I just drew everything I could think of [that seemed] American at that time. I drew Playboy, black power, Nixon, the moon landing. I remember, then there was the Statue of Liberty. Mickey Mouse on drugs, of course. (Which was embarrassing, because later I became a production designer for [Disney’s] Hercules.)
When Long Drawn Out Trip appeared on BBC-2, both Roger and [Pink Floyd drummer] Nick [Mason] watched it independently. They’ve since told me that they then rang one another and said, “We’ve got to work with this guy. He’s f—ing mad.” So that was my introduction to them, that I was f—ing mad. That seemed to do it for them.
It seems like in ’73, and ’74, when you first connected with the band, they were moving away from the atmospheric UFO Club-type albums and more into surreal comments on reality. Were they drawn to you because you’re a social and political commentator? What was the creative connection initially?
When I first went to meet the gang, Nick was living in a place in Kentish Town in London. I remember going to the house and they were all in there, in Nick’s front sitting room. I expected real rock and roll kind of guys, and they were all pretty British middle-class respectable kind of guys. They were a little bit of a disappointment as a rock and roll band, but they were very nice. They gave me all their albums, and they then invited me to see [them perform] Dark Side of the Moon at the Rainbow Theater in [London’s] Finsbury Park. That was, in a way, what really convinced me to work with them, because — as many fans know — you’re sitting in the audience, and you’re staring ahead of you. Then suddenly, from behind, comes a Stuka airplane which dives and crashes onto the stage and explodes. It’s so startling when you’re watching forwards, to have something come from behind in the theater. That was the moment, I think, that I thought, “I like this. This is real theater, and they’re interested in images as well as lyrics and music.”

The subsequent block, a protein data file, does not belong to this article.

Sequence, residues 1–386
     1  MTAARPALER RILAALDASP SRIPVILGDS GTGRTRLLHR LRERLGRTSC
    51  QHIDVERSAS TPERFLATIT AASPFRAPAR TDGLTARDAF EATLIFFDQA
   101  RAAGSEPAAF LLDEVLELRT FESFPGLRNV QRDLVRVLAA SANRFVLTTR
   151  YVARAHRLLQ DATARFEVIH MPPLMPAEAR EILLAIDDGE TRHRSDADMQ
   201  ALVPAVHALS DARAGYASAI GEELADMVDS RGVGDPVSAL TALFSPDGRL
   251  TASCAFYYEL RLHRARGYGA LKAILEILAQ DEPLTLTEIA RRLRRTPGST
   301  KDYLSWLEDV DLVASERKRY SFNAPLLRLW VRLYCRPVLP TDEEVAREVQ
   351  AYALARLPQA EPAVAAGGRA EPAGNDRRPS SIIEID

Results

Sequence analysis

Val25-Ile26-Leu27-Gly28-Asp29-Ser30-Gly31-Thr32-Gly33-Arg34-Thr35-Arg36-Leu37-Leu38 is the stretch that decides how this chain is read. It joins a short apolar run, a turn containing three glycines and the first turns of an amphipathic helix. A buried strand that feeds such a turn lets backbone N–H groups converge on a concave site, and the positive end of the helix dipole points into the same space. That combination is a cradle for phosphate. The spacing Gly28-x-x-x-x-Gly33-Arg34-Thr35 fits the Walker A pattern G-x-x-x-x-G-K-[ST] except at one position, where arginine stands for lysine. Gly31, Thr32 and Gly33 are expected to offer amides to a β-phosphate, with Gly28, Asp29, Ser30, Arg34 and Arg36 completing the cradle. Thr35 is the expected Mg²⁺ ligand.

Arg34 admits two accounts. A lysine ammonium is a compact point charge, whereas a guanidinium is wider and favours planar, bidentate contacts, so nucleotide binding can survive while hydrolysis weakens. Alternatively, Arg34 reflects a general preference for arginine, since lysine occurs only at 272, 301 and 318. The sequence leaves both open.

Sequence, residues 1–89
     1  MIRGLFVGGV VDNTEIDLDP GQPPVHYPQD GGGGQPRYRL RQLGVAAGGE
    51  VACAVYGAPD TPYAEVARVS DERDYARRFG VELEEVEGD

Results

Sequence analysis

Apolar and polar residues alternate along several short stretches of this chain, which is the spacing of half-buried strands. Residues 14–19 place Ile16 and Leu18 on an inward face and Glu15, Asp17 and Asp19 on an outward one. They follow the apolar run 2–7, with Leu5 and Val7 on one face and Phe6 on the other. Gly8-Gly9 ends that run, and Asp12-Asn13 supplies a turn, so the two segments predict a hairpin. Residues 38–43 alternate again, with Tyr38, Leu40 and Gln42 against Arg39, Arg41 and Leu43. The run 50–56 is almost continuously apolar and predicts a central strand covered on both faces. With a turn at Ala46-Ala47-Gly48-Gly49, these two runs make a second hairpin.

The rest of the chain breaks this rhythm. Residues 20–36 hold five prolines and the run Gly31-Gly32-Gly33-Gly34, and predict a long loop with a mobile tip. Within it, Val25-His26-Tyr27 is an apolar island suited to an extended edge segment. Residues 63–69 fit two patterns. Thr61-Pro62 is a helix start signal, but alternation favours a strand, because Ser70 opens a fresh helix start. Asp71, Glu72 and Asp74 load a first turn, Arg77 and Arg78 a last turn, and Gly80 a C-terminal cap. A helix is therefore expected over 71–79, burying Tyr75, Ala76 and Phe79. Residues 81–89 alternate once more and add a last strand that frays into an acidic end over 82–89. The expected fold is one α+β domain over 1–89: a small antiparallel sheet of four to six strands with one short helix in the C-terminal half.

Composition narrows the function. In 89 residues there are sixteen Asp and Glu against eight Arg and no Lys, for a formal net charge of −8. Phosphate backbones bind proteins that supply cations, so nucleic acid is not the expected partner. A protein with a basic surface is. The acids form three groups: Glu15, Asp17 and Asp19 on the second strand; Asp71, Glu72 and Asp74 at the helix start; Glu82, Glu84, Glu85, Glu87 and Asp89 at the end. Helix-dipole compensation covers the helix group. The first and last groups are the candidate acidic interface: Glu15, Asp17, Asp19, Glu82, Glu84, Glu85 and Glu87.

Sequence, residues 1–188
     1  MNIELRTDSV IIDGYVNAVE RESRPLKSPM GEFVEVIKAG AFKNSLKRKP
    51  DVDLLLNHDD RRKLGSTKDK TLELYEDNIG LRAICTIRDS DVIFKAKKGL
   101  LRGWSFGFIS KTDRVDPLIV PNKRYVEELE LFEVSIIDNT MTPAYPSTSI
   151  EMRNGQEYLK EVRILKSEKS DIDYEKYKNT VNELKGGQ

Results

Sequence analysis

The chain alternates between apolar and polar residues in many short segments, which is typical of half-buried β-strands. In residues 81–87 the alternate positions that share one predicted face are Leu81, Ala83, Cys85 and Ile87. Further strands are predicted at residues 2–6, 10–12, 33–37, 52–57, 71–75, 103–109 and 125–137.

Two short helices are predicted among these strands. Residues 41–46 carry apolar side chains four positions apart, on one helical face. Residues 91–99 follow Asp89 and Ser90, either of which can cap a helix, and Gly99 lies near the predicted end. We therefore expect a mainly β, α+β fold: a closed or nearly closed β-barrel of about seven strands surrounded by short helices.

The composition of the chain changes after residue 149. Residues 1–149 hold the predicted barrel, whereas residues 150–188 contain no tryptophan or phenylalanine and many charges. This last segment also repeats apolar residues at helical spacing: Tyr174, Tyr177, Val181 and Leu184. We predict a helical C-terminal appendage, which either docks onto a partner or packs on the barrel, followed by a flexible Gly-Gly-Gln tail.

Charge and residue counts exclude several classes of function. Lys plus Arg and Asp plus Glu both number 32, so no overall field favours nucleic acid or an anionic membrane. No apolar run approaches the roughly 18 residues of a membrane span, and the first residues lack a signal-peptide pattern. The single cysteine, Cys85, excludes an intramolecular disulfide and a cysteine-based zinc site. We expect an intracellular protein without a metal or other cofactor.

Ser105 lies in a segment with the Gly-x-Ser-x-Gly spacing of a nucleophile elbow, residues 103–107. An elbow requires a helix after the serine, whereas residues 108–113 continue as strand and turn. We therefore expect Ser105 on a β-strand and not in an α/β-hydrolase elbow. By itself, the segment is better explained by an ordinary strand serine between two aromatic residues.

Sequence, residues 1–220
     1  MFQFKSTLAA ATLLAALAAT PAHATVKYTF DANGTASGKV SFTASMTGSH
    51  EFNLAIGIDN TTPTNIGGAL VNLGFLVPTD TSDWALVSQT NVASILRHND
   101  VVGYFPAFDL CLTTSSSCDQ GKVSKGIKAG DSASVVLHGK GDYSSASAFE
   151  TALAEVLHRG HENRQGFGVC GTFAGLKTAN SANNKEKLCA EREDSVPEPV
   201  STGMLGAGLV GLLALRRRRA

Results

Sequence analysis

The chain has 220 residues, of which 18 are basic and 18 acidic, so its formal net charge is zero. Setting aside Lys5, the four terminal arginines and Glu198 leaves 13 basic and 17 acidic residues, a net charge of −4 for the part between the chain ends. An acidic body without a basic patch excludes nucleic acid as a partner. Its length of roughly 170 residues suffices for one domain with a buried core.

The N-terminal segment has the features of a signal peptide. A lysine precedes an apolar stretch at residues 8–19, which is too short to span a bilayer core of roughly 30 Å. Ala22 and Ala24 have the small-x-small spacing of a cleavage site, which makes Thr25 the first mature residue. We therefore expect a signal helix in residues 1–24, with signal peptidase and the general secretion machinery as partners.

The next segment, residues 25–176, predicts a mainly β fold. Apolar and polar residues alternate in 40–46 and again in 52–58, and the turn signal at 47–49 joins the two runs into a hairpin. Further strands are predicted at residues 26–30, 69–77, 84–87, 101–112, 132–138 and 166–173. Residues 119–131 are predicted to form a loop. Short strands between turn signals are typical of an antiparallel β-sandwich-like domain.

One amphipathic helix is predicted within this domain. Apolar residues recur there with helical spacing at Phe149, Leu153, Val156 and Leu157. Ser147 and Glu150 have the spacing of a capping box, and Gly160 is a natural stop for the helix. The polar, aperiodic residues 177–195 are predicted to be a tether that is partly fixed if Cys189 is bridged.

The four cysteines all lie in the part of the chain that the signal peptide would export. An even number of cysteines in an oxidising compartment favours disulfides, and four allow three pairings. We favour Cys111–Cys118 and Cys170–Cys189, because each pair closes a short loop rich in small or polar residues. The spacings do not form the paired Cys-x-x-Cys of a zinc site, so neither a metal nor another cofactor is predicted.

I’m a visual guy, naturally, and I see everything in visual terms. And so I began to try and think what they would want. As you say, they were going through a kind of surreal period, and I tried that. I made all sorts of strange surreal images for Wish You Were Here, which was on tour at the time, and I would do little bits of film of a guy, for instance, walking towards the camera. In the wind, he erodes before your very eyes. He blows, like sand, away, and he completely disappears.
I would take these little bits of film to the gig, wherever it was, and Roger would lace them into the film and just run it. I asked, “But where are you going to run it?” And he said, “Oh, I’ll just run it anywhere. I’ll find a place, I’ll find a place.” He had this theory, and I think it’s quite a good theory, that if you put an image against music, the brain will find a reason for it to be there. It will make it work.
It’s like images in clouds almost. You’ll make an association somewhere.
You’ll make an association, because you think it’s meant to be there. We did a lot of that. Of course, when we finally came to work on The Wall, that was much more controlled. But at this point, I would just take bits of film to the gig. And the film in the gig grew and grew and grew. I kept taking more and more bits, and they found new places for it.